Reports of Explosions and Gunfire in Sudan’s Capital, Khartoum
Sudan’s capital, Khartoum, was rocked by heavy gunfire on Saturday, following days of tension between the army and a powerful paramilitary group. Witnesses reported “confrontations” and loud explosions and gunfire near a base held by the paramilitary Rapid Support Forces (RSF) in south Khartoum. The source of the gunfire was not immediately known.
The rift between the forces came to the surface on Thursday when the army said recent movements by the RSF had happened without coordination and were illegal. The RSF is a powerful paramilitary group that has been accused of committing atrocities in the Darfur region. The group was formed in 2013 as a counter-insurgency force to fight rebel groups in Darfur, but has since expanded its reach to other parts of Sudan.
On Friday and early on Saturday, the heads of both the army and RSF told mediators they were ready to take steps to de-escalate the situation. A confrontation between them could spell prolonged strife across a vast country already dealing with economic breakdown and flare-ups of tribal violence.
The situation in Sudan has been tense since the ousting of longtime dictator Omar al-Bashir in April 2019. A transitional government was formed, but it has struggled to bring stability to the country. The RSF, which is headed by General Mohamed Hamdan Dagalo, also known as Hemeti, has played a key role in the transitional government.
Hemeti is seen as a powerful figure in Sudan, with close ties to Saudi Arabia and the United Arab Emirates. He has been accused of using his position to amass wealth and influence. The RSF has also been accused of committing atrocities in Darfur, including rape, torture, and murder.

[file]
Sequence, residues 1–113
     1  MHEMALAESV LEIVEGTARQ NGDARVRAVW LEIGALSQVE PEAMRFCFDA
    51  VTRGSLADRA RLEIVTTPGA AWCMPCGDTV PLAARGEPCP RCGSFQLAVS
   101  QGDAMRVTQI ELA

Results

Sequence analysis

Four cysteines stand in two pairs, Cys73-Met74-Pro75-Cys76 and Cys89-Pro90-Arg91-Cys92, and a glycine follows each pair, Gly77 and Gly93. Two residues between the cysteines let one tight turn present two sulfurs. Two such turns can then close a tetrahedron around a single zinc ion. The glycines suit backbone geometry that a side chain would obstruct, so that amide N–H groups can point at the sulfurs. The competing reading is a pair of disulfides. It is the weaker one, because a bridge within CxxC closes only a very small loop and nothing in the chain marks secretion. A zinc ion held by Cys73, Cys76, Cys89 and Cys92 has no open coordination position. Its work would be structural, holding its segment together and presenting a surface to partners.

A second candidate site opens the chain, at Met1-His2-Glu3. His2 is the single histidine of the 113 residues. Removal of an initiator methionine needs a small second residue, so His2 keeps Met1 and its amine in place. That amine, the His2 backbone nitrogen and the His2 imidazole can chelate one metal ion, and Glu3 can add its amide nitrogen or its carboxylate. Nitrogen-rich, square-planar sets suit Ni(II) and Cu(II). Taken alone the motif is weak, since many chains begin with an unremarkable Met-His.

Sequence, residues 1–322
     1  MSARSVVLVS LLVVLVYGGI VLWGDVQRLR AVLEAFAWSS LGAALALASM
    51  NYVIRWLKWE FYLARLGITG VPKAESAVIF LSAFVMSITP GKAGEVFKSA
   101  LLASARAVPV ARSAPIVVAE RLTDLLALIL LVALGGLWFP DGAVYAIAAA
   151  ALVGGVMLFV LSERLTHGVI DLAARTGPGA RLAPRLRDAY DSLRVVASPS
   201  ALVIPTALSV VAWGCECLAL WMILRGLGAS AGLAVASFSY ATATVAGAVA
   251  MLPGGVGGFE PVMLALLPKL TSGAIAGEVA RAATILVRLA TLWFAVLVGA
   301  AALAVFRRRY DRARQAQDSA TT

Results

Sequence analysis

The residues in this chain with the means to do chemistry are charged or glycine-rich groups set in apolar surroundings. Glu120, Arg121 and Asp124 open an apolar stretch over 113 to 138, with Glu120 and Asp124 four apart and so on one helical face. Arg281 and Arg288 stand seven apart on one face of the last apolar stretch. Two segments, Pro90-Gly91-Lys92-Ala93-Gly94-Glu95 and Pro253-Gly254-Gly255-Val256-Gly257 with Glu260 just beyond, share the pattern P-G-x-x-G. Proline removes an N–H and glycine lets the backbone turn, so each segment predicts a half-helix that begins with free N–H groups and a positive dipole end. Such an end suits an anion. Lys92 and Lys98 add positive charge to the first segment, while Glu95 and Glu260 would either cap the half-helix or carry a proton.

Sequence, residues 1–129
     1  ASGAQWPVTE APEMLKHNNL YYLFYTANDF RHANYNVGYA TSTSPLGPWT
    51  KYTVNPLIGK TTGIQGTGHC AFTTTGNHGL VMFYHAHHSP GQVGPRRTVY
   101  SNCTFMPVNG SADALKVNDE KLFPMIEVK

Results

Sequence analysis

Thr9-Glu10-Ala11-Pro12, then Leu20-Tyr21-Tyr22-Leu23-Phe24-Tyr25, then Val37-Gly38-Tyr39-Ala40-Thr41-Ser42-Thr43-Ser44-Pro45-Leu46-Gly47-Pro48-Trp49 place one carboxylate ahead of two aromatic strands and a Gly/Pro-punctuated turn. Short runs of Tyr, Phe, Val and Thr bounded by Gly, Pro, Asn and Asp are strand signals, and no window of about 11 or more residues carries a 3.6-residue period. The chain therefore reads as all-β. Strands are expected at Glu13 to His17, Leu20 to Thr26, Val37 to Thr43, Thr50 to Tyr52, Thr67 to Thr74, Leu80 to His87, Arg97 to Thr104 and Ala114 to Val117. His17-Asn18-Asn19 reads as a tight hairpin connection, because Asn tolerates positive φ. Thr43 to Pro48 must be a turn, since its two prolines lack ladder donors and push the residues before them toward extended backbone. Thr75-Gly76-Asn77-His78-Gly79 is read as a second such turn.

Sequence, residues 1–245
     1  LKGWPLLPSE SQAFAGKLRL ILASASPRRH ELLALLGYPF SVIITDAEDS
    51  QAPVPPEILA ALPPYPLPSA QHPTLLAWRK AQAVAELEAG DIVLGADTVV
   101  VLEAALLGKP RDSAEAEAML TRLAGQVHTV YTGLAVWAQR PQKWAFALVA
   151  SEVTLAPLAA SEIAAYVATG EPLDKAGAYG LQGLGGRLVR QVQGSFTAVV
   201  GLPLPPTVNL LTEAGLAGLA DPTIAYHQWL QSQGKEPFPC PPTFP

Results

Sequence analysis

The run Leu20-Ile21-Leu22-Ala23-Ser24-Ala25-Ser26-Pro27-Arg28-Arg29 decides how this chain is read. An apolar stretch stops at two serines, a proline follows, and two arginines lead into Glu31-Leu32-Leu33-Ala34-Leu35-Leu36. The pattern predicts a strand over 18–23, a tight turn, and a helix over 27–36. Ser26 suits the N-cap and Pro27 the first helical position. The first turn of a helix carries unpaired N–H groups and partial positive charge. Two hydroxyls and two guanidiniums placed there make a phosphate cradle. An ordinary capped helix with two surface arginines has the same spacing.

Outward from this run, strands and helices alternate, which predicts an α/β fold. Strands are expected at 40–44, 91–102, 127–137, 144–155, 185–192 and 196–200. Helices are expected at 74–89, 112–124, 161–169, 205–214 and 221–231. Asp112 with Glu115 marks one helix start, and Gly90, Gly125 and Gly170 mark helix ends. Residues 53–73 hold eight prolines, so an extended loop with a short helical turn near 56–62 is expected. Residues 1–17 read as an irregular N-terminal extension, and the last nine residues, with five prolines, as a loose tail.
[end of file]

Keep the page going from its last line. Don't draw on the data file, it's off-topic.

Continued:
The RSF has denied the accusations and says it is fighting against rebel groups in Darfur. The group has also been accused of playing a role in the violent dispersal of a sit-in protest in Khartoum in June 2019, which left over 100 people dead.
The tension between the army and the RSF has been building for weeks. The army has accused the RSF of trying to undermine the transitional government and of being involved in a failed coup attempt in July. The RSF has denied the accusations and says it is committed to the transitional government.
The situation in Sudan is complex, with various groups vying for power and influence. The transitional government is made up of civilians and military officials, but it is the military that holds most of the power. The RSF is seen as a powerful force within the military, and its leader, Hemeti, is seen as a potential rival to the transitional government.
The situation in Sudan is also being closely watched by neighboring countries and international organizations. The African Union and the United Nations have both expressed concern about the situation and called for calm. The United States has also expressed concern and called for a peaceful resolution to the crisis.
The tension in Sudan comes at a time when the country is already dealing with economic breakdown and flare-ups of tribal violence. The country is also grappling with the COVID-19 pandemic, which has further strained its resources.
The situation in Sudan is fluid, and it is unclear how it will play out. The army and the RSF have both said they are committed to resolving the situation peacefully, but there are fears that a confrontation between them could lead to prolonged strife and instability in the country. The international community is calling on all sides to exercise restraint and work towards a peaceful resolution to the crisis.